Fur Coat: Mind Over Matter
Two things to know upfront about Mind Over Matter, the debut studio album by Crosstown Rebels' recent signing Fur Coat: first, the central role bass plays on the set, and, secondly, how the album leans as much if not more in the direction of funk than house. The album came together quickly, too, as Fur Coat members Sergio Muñoz (Delete) and Israel Sunshine only formally came together in Barcelona in the summer of 2010 and were spotted by Crosstown Rebels head Damian Lazarus less than a year ago. Mind Over Matter's a bit of a slow-builder that grows stronger over the course of its sixty-nine-minute run, with the peak arguably reached in the tenth of its thirteen cuts, “You and I,” due in part to its tasty “cocaine and ketamine” vocal hook.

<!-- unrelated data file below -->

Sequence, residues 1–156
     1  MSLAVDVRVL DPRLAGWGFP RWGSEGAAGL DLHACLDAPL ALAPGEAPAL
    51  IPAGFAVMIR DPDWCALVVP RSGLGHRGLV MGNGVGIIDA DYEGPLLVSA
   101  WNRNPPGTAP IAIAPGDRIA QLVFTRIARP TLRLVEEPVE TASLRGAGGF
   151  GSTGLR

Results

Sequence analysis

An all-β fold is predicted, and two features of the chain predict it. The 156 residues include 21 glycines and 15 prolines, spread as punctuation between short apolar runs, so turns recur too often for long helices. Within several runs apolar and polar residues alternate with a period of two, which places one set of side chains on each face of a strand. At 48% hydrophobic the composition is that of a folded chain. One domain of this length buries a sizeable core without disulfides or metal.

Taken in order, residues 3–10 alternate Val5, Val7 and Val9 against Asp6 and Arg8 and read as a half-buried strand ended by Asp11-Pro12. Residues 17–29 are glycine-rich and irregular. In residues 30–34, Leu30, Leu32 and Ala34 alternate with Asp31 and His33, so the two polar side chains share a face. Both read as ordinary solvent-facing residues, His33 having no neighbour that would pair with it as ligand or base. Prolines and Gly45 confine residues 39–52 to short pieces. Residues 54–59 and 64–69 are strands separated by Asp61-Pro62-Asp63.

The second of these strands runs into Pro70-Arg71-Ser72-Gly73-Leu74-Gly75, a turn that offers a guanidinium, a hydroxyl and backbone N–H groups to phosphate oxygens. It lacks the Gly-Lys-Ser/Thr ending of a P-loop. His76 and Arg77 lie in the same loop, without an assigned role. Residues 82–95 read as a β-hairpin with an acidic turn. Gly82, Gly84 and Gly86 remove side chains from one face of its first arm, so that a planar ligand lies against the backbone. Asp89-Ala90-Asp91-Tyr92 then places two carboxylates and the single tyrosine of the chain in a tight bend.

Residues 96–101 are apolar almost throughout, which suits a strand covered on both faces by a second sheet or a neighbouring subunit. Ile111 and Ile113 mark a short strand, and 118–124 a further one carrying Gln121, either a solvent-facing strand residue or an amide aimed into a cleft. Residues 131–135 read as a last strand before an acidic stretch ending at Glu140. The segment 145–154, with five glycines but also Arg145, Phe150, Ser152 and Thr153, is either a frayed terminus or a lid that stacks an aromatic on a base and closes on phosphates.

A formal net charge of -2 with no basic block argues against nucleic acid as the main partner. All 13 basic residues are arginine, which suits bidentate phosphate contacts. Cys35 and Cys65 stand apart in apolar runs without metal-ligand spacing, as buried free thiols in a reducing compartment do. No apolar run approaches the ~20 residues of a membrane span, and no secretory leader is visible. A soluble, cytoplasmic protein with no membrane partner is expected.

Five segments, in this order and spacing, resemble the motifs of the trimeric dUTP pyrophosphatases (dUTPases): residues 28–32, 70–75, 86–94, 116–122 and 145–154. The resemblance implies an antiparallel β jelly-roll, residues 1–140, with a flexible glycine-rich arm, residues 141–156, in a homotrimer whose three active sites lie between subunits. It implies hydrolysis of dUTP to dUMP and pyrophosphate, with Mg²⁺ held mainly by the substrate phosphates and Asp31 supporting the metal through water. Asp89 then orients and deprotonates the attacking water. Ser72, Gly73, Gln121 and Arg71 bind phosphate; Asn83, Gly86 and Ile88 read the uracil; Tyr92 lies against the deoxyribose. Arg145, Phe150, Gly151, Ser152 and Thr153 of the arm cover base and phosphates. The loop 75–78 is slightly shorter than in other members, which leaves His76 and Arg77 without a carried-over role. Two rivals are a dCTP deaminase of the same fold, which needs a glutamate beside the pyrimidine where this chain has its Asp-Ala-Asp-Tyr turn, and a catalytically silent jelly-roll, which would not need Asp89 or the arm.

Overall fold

The Venezuelan duo fashioned it as an album, replete as it is with a brief but still slamming scene-setter (“Mind Over Matter (Intro)”) and a trippy outro (“This Is The End”) that takes the set out on a downtempo, head-nodding note (and that even includes a smidgen of turntable scratching). It's the second cut, “Those Days,” then, that lays out the Fur Coat sound, one that sees the first in what will be a series of wiry bass lines locking a track's groove into position. Smears of shredded vocals and synth flourishes flutter as part of the sound palette, but otherwise Muñoz and Sunshine leave lots of space for the tune's funk groove to spread itself out.Vocals form a key part of the Fur Coat sound, and in that regard the duo gets a major boost from the contributions of Rap Lisa, Big Bully, Mel Blatt (of All Saints), Stee Downes, Cari Golden, and Argenis Brito. The group's sexier side comes to the fore in “Pettit Pillow” when Rap Lisa spreads her sensual voice across the track's smooth funk base, while Big Bully's falsetto vocal in the sexy chuggers “She's All Good” and “Understand What I Do” might remind listeners of a certain age of Dirty Mind-era Prince. A little bit of a West Coast vibe seeps into “Falls Away” (and the later moodscape “Change Resistance,” too) thanks to a mini-moog-styled melody that appears alongside Blatt's soulful vocal and the tune's bass thunder. Tight backdrops are repeatedly fashioned for the duo's guests, such that Downes' vocal receives a powerful boost during the snappy electro-jack of “Going Nowhere,” as do Golden's and Brito's during the house vamp “You and I” and bruising jam “Space Ballad,” respectively. If Mind Over Matter isn't the greatest release to ever have appeared on Crosstown Rebels, it's certainly a solid and well-rounded outing that hits its mark more often than not. It's an especially impressive collection if one takes into account the relative newness of the Fur Coat project.